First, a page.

A crab-cake appetizer from the pub menu was delicious - chunks of tender, sweet crab paired perfectly with spicy julienned vegetables and creamy sesame sauce. "Connie's Harvest Vegetable Soup," also from the pub menu, consisted of a lime-scented tomato broth full of carrots, onions and zucchini. Parsley caper pesto topped the soup, but the portion was too small to stand up to the soup's other flavors.

Special entrées cost more than the pub food - between $13.95 and $19.95 - but are worth it. Each dish is composed of perfectly orchestrated ingredients, and the portion sizes are just right. The roasted pork loin arrived with pear compote and a generous scoop of creamy mashed potatoes. The meat was perfectly rosy, and the well-seasoned sides perfect complements. The meal was good, but Chef Stone's creativity and skill really shone in a scallop dish. Tender nuggets of seafood had been gorgeously seared, then cut nearly in half and stuffed with savory mushroom duxelles. The scallops were served on a puddle of silky smooth, spring-green leek puree, and a truffle sabayon sauce that was lush and sensual.

Like the food, the drink menu runs the gamut from folksy to fine. Coors and Amstel Light hang out at the less expensive end of the beer menu, and local microbrews like Wolaver's and Otter Creek join Guinness at the other end. Most of the wines by the bottle cost less than $25, but those who want to spend a little bit more have a couple of options, too. Sparklers include Freixenet and Korbel - both of which are often mocked by food snobs - but for extra-special occasions, $72 bottles of Veuve Cliquot are offered as well.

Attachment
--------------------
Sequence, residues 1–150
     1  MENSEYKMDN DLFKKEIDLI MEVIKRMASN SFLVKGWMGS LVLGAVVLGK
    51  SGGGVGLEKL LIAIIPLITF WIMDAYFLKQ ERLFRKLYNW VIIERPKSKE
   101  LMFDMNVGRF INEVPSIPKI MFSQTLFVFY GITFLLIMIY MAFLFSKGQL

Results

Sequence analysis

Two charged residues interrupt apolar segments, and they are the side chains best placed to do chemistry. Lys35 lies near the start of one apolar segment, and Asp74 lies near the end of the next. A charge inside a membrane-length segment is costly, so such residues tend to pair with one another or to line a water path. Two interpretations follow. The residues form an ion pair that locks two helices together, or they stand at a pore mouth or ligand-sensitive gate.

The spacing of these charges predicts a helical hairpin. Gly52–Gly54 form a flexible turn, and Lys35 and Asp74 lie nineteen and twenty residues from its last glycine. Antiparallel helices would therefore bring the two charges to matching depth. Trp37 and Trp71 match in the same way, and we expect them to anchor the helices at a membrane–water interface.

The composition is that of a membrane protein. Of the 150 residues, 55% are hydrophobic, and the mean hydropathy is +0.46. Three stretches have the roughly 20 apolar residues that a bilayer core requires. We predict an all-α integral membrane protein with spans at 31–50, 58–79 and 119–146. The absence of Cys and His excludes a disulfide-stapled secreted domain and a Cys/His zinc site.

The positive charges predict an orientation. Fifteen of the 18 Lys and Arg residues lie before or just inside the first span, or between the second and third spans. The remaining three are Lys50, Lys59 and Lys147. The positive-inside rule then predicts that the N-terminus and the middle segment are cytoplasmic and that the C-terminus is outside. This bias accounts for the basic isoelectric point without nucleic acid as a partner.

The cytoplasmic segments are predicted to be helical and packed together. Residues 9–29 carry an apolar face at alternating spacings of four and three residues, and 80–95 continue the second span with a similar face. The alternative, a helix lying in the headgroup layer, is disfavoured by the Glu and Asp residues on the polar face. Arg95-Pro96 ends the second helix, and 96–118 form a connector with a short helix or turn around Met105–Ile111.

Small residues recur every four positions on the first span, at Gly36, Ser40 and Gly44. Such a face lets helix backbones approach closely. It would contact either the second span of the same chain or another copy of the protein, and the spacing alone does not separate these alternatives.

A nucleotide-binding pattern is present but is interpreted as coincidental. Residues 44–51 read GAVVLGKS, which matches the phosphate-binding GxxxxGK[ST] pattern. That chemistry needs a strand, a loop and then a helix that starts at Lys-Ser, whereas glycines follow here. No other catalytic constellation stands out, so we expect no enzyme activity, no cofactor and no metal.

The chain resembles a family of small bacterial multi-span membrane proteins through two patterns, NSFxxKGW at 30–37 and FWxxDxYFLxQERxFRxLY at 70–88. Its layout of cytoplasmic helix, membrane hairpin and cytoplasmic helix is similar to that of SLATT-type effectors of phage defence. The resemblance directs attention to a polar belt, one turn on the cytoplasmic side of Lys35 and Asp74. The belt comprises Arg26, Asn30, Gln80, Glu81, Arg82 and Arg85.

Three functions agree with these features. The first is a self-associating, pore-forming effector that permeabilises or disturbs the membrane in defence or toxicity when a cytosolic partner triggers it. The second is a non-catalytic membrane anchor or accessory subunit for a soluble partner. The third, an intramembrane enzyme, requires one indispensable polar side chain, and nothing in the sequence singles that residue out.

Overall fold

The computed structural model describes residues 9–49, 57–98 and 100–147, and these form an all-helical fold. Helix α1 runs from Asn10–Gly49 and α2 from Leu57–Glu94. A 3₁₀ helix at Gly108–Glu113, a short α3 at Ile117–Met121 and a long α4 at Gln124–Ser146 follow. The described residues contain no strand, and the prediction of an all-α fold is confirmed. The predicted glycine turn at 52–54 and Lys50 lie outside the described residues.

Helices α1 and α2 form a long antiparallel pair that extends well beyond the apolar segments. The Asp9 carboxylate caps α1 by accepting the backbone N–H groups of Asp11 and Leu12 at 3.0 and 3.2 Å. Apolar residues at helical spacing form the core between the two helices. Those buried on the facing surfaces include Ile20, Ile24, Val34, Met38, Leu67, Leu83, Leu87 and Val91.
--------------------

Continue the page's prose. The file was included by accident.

Desserts are advertised on a chalkboard above the bar. The pastry in an apple strudel was lovely, but too much cinnamon in the fruit filling gave the dessert a slightly bitter edge. A chocolate hazelnut torte was pleasant but not thrilling. It was cake-like in texture and had a delicate hazelnut flavor, but the flavors didn't pop. A couple of disappointing desserts couldn't possibly spoil such a delicious dinner.

This village of just over a thousand between Brandon and Bethel doesn't seem a likely destination for fine dining. But Rochester's arts scene is growing, and good food is part of the creative-economy equation. With its relaxed atmosphere and friendly staff, the Porch also appeals if you want a couple of beers and a burger at the bar. Dean says business has been brisk since they opened two weeks before Christmas - not bad, considering that January and February tend to be slow for restaurants. Even without the outdoor swing, it's a good place to hang out.

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About The Author

Suzanne Podhaizer

Suzanne Podhaizer

Bio:
Contributor Suzanne Podhaizer is an award-winning food writer (and the former Seven Days food editor) as well as a chef, farmer, and food-systems consultant. She has given talks at the Stone Barns Center for Agriculture's "Poultry School" and its flagship "Young Farmers' Conference." She can slaughter a goose,... more